Nursing faculty at UNLV and Nevada State College (NSC) are collaborating to improve nurse retention and patient care in Nevada by expanding opportunities for registered nurses (RN) to earn a bachelor of science in nursing (BSN) through an online degree program. This is the first coordinated effort of its kind in Nevada and is being funded by a grant from the Health Resource and Services Administration (HRSA).
The $738,000 HRSA grant will fund faculty, staff, and curriculum resources at UNLV and NSC to enhance the RN to BSN program at NSC by expanding distance education options, aggressively recruiting nurses from underrepresented groups, and offering additional support services to maximize program retention.
Rapid population growth in the region has resulted in more complex healthcare needs, increasing the demand for nurses who possess the critical thinking and leadership skills in specialized health settings that come with a BSN degree, said grant project director and UNLV Associate Nursing Dean Tish Smyer. The RN to BSN program allows the already skillful professional nurse to increase leadership potential within the profession by building on valuable experience gained in the workplace.”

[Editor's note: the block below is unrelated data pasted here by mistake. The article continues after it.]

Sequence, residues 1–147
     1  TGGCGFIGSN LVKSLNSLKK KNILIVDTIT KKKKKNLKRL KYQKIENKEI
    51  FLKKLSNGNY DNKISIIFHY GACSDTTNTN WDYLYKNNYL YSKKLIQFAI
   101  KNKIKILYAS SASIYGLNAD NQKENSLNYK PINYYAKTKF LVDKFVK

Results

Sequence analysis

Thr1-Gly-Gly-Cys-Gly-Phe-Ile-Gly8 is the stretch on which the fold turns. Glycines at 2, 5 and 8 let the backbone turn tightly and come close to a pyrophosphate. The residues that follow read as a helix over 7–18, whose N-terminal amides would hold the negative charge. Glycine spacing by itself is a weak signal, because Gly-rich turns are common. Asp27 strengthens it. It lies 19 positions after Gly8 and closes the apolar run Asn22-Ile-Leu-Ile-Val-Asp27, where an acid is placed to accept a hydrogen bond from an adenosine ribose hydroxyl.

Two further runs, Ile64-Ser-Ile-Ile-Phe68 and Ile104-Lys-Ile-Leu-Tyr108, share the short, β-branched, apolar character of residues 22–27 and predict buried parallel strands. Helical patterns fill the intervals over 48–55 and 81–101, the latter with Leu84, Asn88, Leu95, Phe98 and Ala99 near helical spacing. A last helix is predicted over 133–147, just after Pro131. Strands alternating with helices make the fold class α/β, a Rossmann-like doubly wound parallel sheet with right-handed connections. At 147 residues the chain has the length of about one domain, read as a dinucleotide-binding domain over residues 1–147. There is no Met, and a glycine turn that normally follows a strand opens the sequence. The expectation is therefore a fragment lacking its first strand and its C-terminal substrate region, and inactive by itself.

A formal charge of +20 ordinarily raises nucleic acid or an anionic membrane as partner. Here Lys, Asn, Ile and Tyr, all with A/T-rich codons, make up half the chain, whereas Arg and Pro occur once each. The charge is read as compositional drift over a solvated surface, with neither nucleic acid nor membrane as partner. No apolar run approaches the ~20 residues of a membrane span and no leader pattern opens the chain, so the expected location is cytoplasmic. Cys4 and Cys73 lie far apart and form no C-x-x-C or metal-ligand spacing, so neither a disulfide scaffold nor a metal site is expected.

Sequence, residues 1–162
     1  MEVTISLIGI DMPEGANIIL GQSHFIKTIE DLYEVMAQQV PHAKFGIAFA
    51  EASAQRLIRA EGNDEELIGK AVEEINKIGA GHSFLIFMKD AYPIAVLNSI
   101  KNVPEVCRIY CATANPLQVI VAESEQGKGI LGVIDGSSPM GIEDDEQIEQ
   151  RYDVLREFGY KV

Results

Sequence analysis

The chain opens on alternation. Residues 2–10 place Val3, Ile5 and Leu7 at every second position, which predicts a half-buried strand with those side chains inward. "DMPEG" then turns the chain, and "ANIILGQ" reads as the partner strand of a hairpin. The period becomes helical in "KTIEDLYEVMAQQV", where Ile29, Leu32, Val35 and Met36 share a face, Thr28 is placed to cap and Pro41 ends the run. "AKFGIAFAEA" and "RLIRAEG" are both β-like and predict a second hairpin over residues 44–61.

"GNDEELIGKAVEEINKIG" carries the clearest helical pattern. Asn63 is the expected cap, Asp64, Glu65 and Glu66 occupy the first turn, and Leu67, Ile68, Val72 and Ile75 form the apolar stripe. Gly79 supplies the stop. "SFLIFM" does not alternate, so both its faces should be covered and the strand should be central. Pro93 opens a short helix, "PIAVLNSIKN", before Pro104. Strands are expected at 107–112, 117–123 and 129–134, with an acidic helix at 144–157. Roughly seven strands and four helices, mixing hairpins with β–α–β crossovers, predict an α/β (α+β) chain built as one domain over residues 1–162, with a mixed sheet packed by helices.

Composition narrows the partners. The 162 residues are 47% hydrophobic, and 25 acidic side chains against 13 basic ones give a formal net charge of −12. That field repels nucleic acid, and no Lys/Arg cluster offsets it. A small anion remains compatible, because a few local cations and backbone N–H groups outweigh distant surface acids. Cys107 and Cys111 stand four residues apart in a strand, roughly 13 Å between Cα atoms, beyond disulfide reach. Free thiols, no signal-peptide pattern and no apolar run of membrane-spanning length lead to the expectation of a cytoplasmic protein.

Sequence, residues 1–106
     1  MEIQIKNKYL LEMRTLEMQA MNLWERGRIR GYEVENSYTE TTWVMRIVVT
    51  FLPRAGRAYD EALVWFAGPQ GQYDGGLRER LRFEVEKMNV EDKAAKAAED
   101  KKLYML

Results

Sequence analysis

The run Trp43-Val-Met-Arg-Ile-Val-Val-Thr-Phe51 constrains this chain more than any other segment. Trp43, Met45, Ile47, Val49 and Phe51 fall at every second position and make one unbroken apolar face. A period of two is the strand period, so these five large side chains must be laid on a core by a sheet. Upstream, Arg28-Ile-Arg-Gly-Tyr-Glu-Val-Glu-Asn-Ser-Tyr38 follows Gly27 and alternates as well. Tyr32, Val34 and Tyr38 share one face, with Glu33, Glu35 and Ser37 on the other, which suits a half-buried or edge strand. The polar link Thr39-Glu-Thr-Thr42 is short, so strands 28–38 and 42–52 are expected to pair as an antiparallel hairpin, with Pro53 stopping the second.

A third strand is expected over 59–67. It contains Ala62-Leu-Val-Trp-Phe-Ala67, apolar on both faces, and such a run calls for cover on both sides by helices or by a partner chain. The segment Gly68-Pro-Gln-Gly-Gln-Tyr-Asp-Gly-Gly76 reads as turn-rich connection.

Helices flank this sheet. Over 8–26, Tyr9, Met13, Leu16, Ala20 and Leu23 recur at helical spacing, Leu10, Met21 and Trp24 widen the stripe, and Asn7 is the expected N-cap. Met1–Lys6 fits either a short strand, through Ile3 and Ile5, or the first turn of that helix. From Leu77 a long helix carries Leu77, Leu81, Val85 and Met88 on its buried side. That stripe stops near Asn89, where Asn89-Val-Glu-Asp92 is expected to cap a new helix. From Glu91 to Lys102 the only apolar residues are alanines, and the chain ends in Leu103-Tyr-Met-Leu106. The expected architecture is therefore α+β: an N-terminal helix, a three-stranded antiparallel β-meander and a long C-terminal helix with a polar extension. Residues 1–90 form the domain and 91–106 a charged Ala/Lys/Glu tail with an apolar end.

Program goals include nearly doubling the RN to BSN enrollment over three years and recruiting at least 30 percent of students from underrepresented groups. Additional efforts include support and mentoring from local hospitals and minority nurse organizations, as well as securing an articulation agreement with the College of Southern Nevada.
NSC’s RN to BSN program has been providing professional nurses the opportunity to earn their BSN in an accessible online environment since the opening of the College in 2002. The RN to BSN program currently has over 80 students enrolled, almost all of whom are simultaneously working as registered nurses while earning their bachelor degree.
This grant will ensure the continued growth of an important degree program that both accommodates the needs of professional nurses and advances the applicant pool for health care organizations in Clark County, said Shirlee Snyder, Interim Dean of the NSC School of Nursing.
The BSN builds on associate degree and diploma education by broadening the scope of practice, developing leadership skills and enhancing knowledge of economic and cultural issues. Research shows that for every 10 percent increase in BSN nurses, the risk of death decreases in healthcare facilities by nearly five percent. Studies have also demonstrated that fewer medication errors, greater job satisfaction and increased retention are linked to BSN or higher education.
Only 37 percent of Nevada’s RNs are BSN prepared (22 percent in rural areas), compared to more than 45 percent nationally. The U.S. Secretary of Health and Human Services recommends that two-thirds of nurses by 2010 hold at least a BSN.
This partnership between NSC and UNLV will also allow students to participate in accelerated graduate study while still pursuing their BSN degree.
Working with Smyer and Snyder on this program are UNLV nursing professors Philip Xu and Cheryl Bowles, graduate assistant Dee Riley and nationally recognized distance education specialist Dian Skiba of the University of Colorado.
For more information on Nevada State College, call : 702.990.2000 or visit : nsc.edu.